258 Glen Eira Road,
Mon – Fri: 7am – 4pm
Sat – Sun 7am – 4pm
Coffee: Dukes Coffee
“Glover Station was once a 1930s service station that has now been transformed into a surprising cafe fit out. Designed by Larritt-Evans, the final product is workable, modern and attractive in a way that still retains its historic roots. There is enough outdoor space for an army of dog lovers to enjoy brunch without being a pain for the non-dog owners. Inside is spacious and clean with the right touches of current ‘modern cafe decor’ that’s often found in new cafes. Yet, the heritage windows is the centerpiece that makes Glover Station fit out unique. Not only does it provide welcoming sunlight, but it beautifully ties-in the historic elements of this special premise.
Coffee has always been a strong front for Glover Station. Offering Dukes Coffee, my long black [$4] was of a good quality – smooth and sharp with slight fruity hints.
The all day brunch and lunch menu offers a number of choices for different appetites and tastes. Maybe too many choices for a weekend decision! The menu reads with some exciting offerings such as grilled and pickled mushrooms, smokey beans with goat curd and semolina gnocchi with a curried parsnip puree. JoJo, who was with us on this occasion, had elected for a healthier option – Bircher Muesli, roast plum, fig, honey ricotta and candied walnut [$17]. Looking quite exceptional with its food styling, the bircher muesli had a delightful depth of flavour that JoJo found quite satifying. Special mention had to go out to the roasted plums combined with the candied walnut – a power house of natural sweetness to the muesli mixture.
Instead of going for the ‘fancy’ brunch, I was looking for something more stable and well loved – Chili scrambled eggs on toast [$13] with Cured Salmon [$5]. The idea of adding chili to scrambled eggs is not a new, and yet this simple addition elevates ordinary scramble eggs to another level. Scrambled eggs has found a new lease on life and cafes have been lapping it up. Yet, on this occasion my scrambled eggs were way too moist. The chili element was lost in the moist folds, the chives were merely decorative and the cured salmon looked awkward on the plate. The composition looked appalling. It was mildly disappointing – not the worst I’ve eaten – given the other dishes were well executed well and tasted great.
Minus the scrambled eggs incident, Glover Station is a great brunch spot. They have executed the brunch vibe exceptional well with friendly staff, a well-managed floor, plenty of dining spaces and the coffee is great. Glover Station is a great summer cafe and can easily transform into a cosy in winter brunch spot. Make an effort to go, but skip the scrambled eggs.”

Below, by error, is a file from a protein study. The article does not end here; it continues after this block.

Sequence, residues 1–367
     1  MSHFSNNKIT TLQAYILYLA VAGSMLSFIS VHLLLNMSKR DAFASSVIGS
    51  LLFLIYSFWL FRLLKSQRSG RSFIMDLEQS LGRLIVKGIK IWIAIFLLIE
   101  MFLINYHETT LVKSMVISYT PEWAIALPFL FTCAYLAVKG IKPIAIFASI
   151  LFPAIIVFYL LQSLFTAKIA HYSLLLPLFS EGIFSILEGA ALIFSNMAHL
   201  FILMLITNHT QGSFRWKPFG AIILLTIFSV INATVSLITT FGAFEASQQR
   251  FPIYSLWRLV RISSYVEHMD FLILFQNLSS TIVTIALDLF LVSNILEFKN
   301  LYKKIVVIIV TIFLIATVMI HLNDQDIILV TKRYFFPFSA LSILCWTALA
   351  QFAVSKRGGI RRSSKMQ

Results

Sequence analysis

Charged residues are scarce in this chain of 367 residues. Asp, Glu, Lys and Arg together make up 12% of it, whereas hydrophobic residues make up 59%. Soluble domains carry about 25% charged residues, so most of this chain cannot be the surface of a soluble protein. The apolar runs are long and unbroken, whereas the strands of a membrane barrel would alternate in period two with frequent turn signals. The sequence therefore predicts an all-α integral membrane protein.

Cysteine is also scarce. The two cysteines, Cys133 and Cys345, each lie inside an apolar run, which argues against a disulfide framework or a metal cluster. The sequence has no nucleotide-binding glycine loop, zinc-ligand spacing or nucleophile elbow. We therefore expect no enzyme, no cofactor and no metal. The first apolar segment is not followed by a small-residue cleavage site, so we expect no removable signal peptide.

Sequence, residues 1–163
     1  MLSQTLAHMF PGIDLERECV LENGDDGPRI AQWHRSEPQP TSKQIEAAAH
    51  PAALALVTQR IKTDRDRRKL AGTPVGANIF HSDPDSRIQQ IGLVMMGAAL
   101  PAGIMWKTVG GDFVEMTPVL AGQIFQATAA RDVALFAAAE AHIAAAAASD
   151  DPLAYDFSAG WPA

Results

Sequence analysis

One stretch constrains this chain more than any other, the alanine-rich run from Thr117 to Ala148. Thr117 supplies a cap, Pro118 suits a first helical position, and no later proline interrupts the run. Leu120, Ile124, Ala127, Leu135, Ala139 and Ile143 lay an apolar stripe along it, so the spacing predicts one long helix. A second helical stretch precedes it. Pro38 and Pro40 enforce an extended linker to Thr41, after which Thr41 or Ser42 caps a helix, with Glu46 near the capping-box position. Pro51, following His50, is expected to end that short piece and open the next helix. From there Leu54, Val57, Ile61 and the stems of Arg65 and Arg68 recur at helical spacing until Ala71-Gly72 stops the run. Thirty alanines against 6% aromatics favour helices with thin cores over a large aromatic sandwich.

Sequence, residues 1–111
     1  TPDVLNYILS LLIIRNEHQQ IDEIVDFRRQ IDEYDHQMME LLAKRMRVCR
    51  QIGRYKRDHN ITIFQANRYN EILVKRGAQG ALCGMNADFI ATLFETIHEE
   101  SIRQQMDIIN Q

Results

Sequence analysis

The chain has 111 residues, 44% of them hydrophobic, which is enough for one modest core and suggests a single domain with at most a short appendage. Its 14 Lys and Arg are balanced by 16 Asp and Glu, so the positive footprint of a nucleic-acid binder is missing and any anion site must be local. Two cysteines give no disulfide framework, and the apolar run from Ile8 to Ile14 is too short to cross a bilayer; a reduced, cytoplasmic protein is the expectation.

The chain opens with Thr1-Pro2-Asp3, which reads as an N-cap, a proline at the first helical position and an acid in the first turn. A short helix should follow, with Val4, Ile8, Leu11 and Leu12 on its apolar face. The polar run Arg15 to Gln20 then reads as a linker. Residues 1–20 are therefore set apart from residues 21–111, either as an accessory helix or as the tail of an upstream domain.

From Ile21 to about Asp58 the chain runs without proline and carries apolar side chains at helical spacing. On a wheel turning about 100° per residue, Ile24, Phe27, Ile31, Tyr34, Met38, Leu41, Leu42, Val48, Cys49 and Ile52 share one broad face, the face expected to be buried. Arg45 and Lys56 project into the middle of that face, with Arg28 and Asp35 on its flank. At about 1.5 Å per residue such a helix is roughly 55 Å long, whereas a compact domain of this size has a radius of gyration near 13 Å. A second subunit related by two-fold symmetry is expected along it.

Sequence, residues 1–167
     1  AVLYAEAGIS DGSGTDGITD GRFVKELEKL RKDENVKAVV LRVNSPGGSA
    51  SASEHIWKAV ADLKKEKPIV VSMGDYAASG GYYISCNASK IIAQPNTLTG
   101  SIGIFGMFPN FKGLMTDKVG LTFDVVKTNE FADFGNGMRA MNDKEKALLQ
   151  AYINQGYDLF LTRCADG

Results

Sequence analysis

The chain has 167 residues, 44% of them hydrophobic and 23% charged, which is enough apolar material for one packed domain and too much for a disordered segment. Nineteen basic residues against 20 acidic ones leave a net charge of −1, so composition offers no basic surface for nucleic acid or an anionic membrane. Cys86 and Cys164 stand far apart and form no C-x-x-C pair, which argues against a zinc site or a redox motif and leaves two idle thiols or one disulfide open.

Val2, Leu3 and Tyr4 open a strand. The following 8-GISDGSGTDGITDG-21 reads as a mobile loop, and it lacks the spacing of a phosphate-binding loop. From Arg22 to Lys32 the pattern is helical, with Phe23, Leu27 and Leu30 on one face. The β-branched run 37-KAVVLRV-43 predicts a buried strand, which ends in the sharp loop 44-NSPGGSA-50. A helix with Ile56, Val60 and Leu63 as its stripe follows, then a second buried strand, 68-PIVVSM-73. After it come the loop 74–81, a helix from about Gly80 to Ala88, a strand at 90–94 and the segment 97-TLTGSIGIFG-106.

“It was a tough choice for our first official brunch review of the year. Do we head to the new, trendy cafe with the menu that seems a little on the unsatisfying size, and portions that looked like they could leave us hungry? Or do we go to the cafe with a strong following, interesting menu and portions to satisfy? On this occasion it was the latter, and we made our way to Glover Station in Elsternwick on a glorious Sunday afternoon.
It was peak brunch time (midday) when we arrived and I had brought my little pooch, Cookie to join us. This sprawling cafe had an immediately relaxed vibe to it, with a red brick courtyard out the front reminiscent of one of my favourite places in the northern suburbs – Lux Foundry. The building itself had a Tudor exterior but inside revealed a modern, clean design, made up of curved walls and white tiles.
Everything on the menu here looked really good, and I was trying to vicariously live through G, as I did my best to try and convince him to order the Otway pulled pork roll with fennel and apple slaw, a fried egg and Nan’s crackle [$16.50], while I settled on the Mango panna cotta, with coconut sorbet, papaya, coconut and GF muesli clusters [$20] due to its uniqueness on the menu.
I also ordered a Dukes Honduras Nelson Ramirez double espresso [3.50], which had a cocoa nose and a fruity and sweet finish. What I really enjoyed about my coffee was the coffee card, which didn’t just tell me about the blend (washed from the Chely farm), but it also told the personal story of the Nelson Ramirez and the care he takes into his coffee. Brilliant!
Our mains didn’t take too long to come out and I must admit, when I first saw my dish, I did have a concerned thought about portion size.
My first spoonful of coconut sorbet put me at ease though, knowing I was in for a treat. The mango panna cotta was a little on the soft side but was perfectly balanced with mango flavour. It wasn’t overly sweet or sugary, which made it palatable to the end. The paw paw was gorgeously fresh and had a lovely rich yellow-orange colour. Despite its light appearance, this dish was actually quite filling and I was satisfied by the end of it.
Last minute, G had changed his order to the Soup of the day, Burnham bakery brioche roll [$15] which was a pea and ham soup. It was pretty delectable looking and had been highly puréed. Despite being puréed the flavour was rich and full, nicely matched with the butter brioche.
Overall, Glover Station was a winner. Would I go back? Definitely. In fact, I wouldn’t mind at all going a bit out of the way to go there. Contrary to Mr LB’s opinion, Glover Station is a must visit brunch destination.”
Final thought: “Hearty, creative and trendy”